After a solid performance with the Melbourne Grand Prix on March 17, Spark Sport decided to stream the second race of the Formula One season without a simulcast on TVNZ's Duke as a fall-back.
The livestream of the race was successful, but the ondemand versions of the final practice session and the prequalifying race stalled with error messages - which have now been resolved.
A Spark Sport spokesman said this morning, "The disruptions to normal viewing that Formula One fans experienced stemmed from process and procedural issues in deploying content correctly to the platform. Although the Grand Prix streamed successfully, we understand how disruptive this experience would have been for Formula One fans, so are planning a full review of the weekend's issues with our platform provider [US company iStreamPlanet]."
Translation: there were no technical foul-ups, but there was some confusion and human error.
Some fans took to social media to lash Spark Sport for its Bahrain wobbles, with some saying it had been too slow to update its Facebook page with an explanation.
On Twitter, one user offered this cruel gif:
Robin Capper replied, "Except the whole of that gif plays reliably and does not have authentication errors."
To which Spark Sport responded with a contrite, "We will take that burn, Robin."
There was also a problem with Apple TVs, with users told to reset their devices to resolve it.
There were also gripes about the fact that while Spark Sport runs no ads of its own, it dos have gaps in its coverage for when the host broadcaster, from whom it's takig a feed, goes to commercials.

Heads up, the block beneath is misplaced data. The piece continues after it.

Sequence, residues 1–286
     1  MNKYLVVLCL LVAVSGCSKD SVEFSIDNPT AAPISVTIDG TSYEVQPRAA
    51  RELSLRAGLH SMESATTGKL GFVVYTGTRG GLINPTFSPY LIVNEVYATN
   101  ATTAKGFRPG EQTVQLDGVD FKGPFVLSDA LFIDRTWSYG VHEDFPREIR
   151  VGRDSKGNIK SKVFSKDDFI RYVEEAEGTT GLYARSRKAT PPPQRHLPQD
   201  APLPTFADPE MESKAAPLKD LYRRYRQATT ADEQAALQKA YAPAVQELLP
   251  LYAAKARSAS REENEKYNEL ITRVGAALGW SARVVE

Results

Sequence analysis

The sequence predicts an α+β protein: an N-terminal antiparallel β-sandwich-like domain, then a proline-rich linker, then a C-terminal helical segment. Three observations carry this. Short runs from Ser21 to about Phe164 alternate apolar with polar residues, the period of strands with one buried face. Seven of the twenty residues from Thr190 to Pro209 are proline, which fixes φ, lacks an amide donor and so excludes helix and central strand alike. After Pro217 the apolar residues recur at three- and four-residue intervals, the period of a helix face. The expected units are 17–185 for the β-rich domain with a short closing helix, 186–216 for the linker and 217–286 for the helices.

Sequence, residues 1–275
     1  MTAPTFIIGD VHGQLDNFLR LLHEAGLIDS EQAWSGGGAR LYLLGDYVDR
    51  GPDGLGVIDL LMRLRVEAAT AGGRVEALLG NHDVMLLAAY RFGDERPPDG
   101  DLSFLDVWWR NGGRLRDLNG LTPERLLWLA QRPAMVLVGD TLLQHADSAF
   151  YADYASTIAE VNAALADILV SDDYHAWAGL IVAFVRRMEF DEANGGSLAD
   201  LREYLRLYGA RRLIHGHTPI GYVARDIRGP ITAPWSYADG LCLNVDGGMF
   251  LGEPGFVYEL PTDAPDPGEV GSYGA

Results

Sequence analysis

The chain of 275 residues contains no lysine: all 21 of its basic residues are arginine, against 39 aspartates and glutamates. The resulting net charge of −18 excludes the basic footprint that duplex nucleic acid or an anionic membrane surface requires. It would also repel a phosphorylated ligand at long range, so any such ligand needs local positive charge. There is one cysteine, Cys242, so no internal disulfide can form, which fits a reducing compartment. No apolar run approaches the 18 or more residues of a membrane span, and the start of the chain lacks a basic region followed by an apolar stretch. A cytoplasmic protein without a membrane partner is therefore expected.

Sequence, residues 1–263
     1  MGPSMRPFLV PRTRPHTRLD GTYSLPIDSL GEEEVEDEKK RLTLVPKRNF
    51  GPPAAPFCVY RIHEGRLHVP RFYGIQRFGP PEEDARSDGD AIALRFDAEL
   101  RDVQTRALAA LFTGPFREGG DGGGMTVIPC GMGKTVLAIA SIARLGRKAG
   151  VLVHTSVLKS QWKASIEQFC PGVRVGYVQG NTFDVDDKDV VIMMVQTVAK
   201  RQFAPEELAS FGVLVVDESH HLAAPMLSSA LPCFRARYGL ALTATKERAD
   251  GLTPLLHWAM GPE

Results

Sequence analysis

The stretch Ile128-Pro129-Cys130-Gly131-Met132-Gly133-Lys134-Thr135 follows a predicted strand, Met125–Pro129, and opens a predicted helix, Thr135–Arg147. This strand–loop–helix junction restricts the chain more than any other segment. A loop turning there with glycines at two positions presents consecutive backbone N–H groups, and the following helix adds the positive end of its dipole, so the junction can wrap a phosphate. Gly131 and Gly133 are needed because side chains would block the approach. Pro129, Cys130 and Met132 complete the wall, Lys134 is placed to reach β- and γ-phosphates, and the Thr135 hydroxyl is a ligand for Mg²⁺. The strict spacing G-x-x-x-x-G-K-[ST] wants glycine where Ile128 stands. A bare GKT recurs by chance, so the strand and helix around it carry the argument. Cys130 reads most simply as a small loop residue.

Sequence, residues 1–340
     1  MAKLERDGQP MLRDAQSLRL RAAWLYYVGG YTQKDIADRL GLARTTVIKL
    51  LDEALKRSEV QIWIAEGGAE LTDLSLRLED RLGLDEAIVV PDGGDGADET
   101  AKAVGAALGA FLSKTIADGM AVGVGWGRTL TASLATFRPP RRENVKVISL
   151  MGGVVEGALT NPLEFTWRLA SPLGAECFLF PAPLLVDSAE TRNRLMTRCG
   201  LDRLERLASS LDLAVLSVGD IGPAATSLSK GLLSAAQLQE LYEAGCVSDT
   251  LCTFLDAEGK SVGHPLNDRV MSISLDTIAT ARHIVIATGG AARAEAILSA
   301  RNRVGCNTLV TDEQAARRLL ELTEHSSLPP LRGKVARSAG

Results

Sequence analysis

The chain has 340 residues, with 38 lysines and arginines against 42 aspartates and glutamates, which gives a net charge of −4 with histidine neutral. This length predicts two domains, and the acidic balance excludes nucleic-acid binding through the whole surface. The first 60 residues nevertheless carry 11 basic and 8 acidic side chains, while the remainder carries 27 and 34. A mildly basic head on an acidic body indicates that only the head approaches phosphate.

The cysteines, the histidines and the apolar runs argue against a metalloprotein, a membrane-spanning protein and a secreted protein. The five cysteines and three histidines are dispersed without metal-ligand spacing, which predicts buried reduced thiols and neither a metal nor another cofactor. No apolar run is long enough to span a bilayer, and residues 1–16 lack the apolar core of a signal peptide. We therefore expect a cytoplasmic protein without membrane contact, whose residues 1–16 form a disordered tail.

With a modest 9000 or so subscribers, it's doable for Spark to troubleshoot the inevitable glitches caused by Apple software updates, poorly setup home wi-fi and the like.
The trick will be to do it once hundreds of thousands pile in for the Rugby World Cup in September, and the traffic load and call centre pressure goes on.
But while F1 fans might be frustrated at being the guinea pigs, rugby fans can take solace that Spark still has a while - or, at least 171 days - to get its act together before the RWC.
"We are finding that the platform and Spark Sport team are learning a huge amount in these early days in terms of working together, which should put us in good stead for the future, once we come out of beta [the test phase] and are fully launched," the spokeswoman said this morning.
Spark Sport costs $20/month, covering all the sports in Spark's stable - bar the RWC, for which pricing has yet to be announced. You don't have to be a Spark customer to join.
One thing that won't change, is that UFB fibre is the best way to watch a live-streamed sports event, especially if you plan it to stream it to a big screen during a busy time - and Chorus only has limited capacity to hook up homes between now and September, meaning hundreds of thousands will miss out. More on that here.
Spark looks for Lightbox partner
Late Friday, Spark said it was looking for a partner for its entertainment service Lightbox, which operates separately from Spark Sport.
I'd suggest Spark go one further and offload Lightbox altogether.
It's impossible to compete with the likes of Netflix and Amazon's Prime Video in an entertainment market that's going global. Competing against Sky TV in sport - especially local sport - will be tough but doable.
Spark says it has 355,000 users of Lightbox, but won't say how many are its own broadband customers, who get the service thrown in for free.